Emotional Intelligence and Management

So, what is the evidence that emotional intelligence is important in management? The work of Salovey and Mayer would almost certainly never have become known outside of academic psychology except for one key event. The year 1995 saw the publication of the bestselling book Emotional Intelligence by Dr. Daniel Goleman, followed three years later by Working with Emotional Intelligence by the same author.

Emotional Intelligence and Management

Both of these books were enormously influential and marked the beginning of emotional intelligence as something that was recognized by mainstream business theorists and writers.

Dr. Goleman asserted, 'The criteria for success at work are changing. We are being judged by a new yardstick: not just by how smart we are, or by our training and expertise, but also by how well we handle ourselves and each other. This yardstick is increasingly applied in choosing who will be hired and who will not, who will be let go and who retained, who passed over and who promoted…'

As we have seen, Goleman's definition of emotional intelligence proposes four broad domains of EQ. These consist of 19 competencies:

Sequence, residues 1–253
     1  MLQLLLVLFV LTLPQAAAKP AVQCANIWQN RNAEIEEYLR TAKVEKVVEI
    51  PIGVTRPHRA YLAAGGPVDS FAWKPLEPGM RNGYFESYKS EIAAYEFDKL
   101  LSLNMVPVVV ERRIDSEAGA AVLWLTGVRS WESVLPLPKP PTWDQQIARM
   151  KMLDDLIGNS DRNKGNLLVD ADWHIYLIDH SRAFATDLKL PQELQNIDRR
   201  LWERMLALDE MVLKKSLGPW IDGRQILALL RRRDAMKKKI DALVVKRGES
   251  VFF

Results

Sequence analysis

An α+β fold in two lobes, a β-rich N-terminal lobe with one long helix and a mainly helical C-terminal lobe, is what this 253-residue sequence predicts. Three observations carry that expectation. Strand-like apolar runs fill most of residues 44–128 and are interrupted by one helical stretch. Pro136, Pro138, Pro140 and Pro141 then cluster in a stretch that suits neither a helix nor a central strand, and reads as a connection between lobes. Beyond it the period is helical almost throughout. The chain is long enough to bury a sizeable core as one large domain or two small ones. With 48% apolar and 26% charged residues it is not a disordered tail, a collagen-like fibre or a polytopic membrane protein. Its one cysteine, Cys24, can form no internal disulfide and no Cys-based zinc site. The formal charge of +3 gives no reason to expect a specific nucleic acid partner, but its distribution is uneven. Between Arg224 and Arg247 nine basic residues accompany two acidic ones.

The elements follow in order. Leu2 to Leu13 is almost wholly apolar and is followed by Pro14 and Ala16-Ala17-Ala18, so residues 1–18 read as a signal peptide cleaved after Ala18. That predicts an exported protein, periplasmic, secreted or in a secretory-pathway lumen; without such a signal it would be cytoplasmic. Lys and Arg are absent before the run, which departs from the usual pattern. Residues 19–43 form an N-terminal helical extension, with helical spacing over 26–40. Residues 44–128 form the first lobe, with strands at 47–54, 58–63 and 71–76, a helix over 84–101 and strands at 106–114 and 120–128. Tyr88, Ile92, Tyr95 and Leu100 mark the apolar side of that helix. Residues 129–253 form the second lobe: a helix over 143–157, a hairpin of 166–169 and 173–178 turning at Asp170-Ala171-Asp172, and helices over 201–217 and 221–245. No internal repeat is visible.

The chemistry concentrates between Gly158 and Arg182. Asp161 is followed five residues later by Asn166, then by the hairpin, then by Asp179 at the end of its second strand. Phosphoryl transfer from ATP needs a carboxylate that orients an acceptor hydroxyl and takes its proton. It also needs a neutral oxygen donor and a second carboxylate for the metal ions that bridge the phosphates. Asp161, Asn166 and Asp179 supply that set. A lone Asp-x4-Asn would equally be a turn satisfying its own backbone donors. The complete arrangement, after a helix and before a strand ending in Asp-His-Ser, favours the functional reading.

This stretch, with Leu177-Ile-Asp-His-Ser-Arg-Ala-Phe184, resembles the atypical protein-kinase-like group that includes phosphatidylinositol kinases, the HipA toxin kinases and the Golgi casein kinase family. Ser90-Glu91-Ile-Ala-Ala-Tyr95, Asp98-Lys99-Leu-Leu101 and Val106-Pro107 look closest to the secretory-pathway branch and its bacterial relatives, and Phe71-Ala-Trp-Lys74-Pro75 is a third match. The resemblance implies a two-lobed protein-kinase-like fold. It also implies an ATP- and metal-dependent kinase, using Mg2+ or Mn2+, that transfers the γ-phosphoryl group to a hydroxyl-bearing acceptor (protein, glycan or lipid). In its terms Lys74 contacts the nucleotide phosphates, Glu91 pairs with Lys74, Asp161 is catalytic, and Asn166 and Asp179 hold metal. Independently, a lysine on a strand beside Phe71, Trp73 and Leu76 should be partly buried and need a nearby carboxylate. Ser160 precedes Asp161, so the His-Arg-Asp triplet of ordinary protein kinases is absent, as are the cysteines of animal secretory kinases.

1. Emotional self-awareness: Reading one's own emotions and recognizing their impact
2. Accurate self-assessment: knowing one's strengths and limits
3. Self-confidence: a sound sense of one's self-worth and capabilities

4. Emotional self-control: Keeping disruptive emotions and impulses under control
5. Transparency: Displaying honesty and integrity; trustworthiness
6. Adaptability: Flexibility in adapting to changing situations or overcoming obstacles
7. Achievement: The drive to improve performance to meet inner standards of excellence
8. Initiative: Readiness to act and seize opportunities
9. Optimism: Seeing the upside in events

Social Awareness

10. Empathy: Sensing others' emotions, understanding their perspective, and taking active interest in their concerns
11. Organizational awareness: Reading the currents, decision networks, and politics at the organizational level
12. Service: Recognizing and meeting follower, client, or customer needs

Competencies associated with Emotional Intelligence

Relationship Management
13. Inspirational leadership: Guiding and motivating with a compelling vision
14. Influence: Wielding a range of tactics for persuasion
15. Developing others: Bolstering others' abilities through feedback and guidance
16. Change catalyst: Initiating, managing, and leading in a new direction
17. Conflict management: Resolving disagreements
18. Building bonds: Cultivating and maintaining a web of relationships
19. Teamwork and collaboration: Cooperation and team building

You may also be interested in:
Understanding Emotional Intelligence | Goleman's Model of EI | Emotional Quotient (EQ) and IQ | EQ Timeline | Can EQ be Developed? | Personal Competence | Social Competence | EQ Framework.

Key Points

  • The publication of Goleman's book Emotional Intelligence in 1995 marked the beginning of emotional intelligence as something that was recognized by mainstream business theorists and writers.
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